1 Samuel Chapter 10  PDF  MSWord

Go to Chapter:
|01 |02 |03 |04 |05 |06 |07 |08 |09 |10 |11 |12 |13 |14 |15 |16 |17 |18 |19 |20 |21 |22 |23 |24 |25 |26 |27 |28 |29 |30 |31 |

Go to verse:
|01 |02 |03 |04 |05 |06 |07 |08 |09 |10 |11 |12 |13 |14 |15 |16 |17 |18 |19 |20 |21 |22 |23 |24 |25 |26 |27 |

Go to Bible: 1 Samuel 10
1Sm 10:1

“Is it not that.” This is a rhetorical question. Samuel was explaining that he was anointing Saul because he was the new king of Israel.

1Sm 10:2(top)
1Sm 10:3

“skin-bottle.” The use of containers or “bottles” made from animal skins is a very ancient custom and was still practiced in the East until fairly recent times. The most common material that was used for skin-bottles was the skin of a goat or young kid. Bottles made from goatskin were used to hold wine, water, milk, and such.

It was important that the skin would not leak, so usually, the head of the animal was cut off, leaving as much neck as possible, and then the bones of the animal were sometimes broken so they would fit out the neck hole, and the animal was turned inside out with all the innards passing out through the neck hole. The animal was not cut open as is done when an animal is field dressed before being butchered. Once the animal was inside out, the skin was scraped so that the hide was clean and free from meat and fat. Also, the legs were cut off close to the hoof and then tied tight so fluid would not leak out through the leg hole, and the anus was sewn shut. Then usually the animal was turned hair-side out again and would hold fluid. Sometimes the hair was left on the animal skin, and sometimes it was scraped and coated with oil or grease so that it was thoroughly watertight, and also would not tend to dry out.

It was common with the smaller skins that the neck hole served as both the opening from which the skin-bottle was filled and the opening from which its contents were poured out. However, if a larger container was desired, even as large as a camel or ox, which were used as large containers and sometimes used on long journeys in the desert, often one leg was only tied shut with cord and that leg would provide the spout through which the fluid was poured.

It was common to keep the skin-bottles upright by tying a rope under the upper thighs of the animal and hanging it so it would not tip over, but sometimes a full skin could simply be set upright with the neck pointing up and tied shut. The rough and mobile life of many of the people of the East made skin-bottles a much better choice for liquids than earthenware pots, and they were much easier to seal. If a skin-bottle did get cut or tear, sometimes it could be repaired by sewing or tying it up (cp. Josh. 9:4).

When the skin-bottles were filled with wine, people had to be careful not to use old skin-bottles that had become hard and inflexible, because Eastern wine finished fermenting in the skin-bottles and would produce gasses that would cause the bottle to burst if it was sealed tightly. Jesus used that fact in his teachings (Matt. 9:17; Mark 2:22; Luke 5:37).

In 1855, Horatio Hackett wrote about skin-bottles, and how common they were.

“The use of skin bottles prevails still very extensively in all parts of western Asia…at Cairo I saw them at almost every turn in the streets, and on the backs of the water-carriers between that city and Bulak, its port on the Nile. After that I met with them [saw them] constantly, wherever I traveled, both in Egypt and Syria. They are made of the skins of animals, especially of the goat, and in various forms. They are more commonly made so as to retain the figure of the animal from which the skin is taken. The process is said to be this: they cut off the head of the goat, kid, or sheep, as the case may be, and then strip off the skin whole from the body, without cutting it except at the extremities. The neck constitutes the mouth of the bottle; and, as the only places that it needs to be sewed up are where the feet were cut off, the skin, when distended with water, is precisely the appearance or form of the animal to which it belonged. The bottles of this shape have been used in the Eastern countries from the earliest antiquity; that they were common in the days of the patriarchs and the Pharaohs, I had an interesting proof in one of the tombs near the Ghizeh pyramids. Among the figures on the walls I saw a goat-shaped bottle, as exactly like those now seen in Cairo as if it had been painted from one of them by a modern artist…Bottles are also made of leather, dressed for the purpose, and are of various sizes, from the pouch containing two or three quarts, which the traveler may sling over his shoulder, to the ox-hide in which caravans preserve their supplies of water on long journeys, when they meet with brooks or cisterns only at distant intervals.”a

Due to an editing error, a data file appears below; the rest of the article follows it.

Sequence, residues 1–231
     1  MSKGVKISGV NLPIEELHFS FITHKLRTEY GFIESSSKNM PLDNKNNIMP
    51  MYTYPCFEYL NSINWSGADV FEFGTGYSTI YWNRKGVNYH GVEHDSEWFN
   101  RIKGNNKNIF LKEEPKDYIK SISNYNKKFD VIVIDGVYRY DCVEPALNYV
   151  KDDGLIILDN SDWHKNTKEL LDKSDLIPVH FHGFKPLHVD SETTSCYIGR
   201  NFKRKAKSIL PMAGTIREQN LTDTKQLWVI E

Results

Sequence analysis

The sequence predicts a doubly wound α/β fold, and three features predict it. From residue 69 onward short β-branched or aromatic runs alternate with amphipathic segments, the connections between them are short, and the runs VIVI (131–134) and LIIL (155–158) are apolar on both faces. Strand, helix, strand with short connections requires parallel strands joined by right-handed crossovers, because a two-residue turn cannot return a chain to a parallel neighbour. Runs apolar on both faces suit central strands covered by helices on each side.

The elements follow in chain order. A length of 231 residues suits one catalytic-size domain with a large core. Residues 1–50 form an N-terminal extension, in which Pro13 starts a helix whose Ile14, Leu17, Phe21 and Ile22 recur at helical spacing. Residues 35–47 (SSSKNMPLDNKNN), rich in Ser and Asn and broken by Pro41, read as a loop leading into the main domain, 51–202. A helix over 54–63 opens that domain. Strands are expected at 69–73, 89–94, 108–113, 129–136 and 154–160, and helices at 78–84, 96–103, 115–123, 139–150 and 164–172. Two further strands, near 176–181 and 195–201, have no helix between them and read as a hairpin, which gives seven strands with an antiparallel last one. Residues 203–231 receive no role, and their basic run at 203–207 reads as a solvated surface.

In 1875, James Freeman wrote about skin-bottles, and included in his book a reproduction of Assyrian artwork in which a woman is giving fluid to her child from a skin-bottle, holding the skin by the forelegs and back and pouring out the fluid to the child through the neck hole of the skin.b

Horatio B. Hackett, Illustrations of Scripture, chap. 1, para. “Skin and Leather Bottles,” Kindle.
J. Freeman, Manners and Customs of the Bible, “Skin Bottles”, 354, para. 651.
1Sm 10:4(top)
1Sm 10:5

“Gibeah-elohim.” This could be translated “Hill of God,” like some versions do, but it was not a reference to just any hill, it was the name of a hill with a garrison and village. The Hebrew text actually reads “Gibeath” instead of “Gibeah,” but it is common for the Hebrew to spell names slightly differently in different places, and to keep the continuity and so the reader can more easily follow the events at Gibeah, we used “Gibeah” here. The town is Gibeah of Benjamin, the native town of Saul (which would explain why Saul was heading in that direction), and it was often called “Gibeah of Saul” because Saul was the king and lived there (1 Sam. 11:4; 15:34; 2 Sam. 21:6; Isa. 10:29). That Saul was from Gibeah and was home explains how the people there knew him and his family, and were surprised when he prophesied and said, “What is this that has happened to the son of Kish? Is Saul also among the prophets?” It seems likely that the town of Gibeah is called “Gibeah-elohim” (Gibeah of God) in this verse because of the High Place in or near the town where people would go to worship.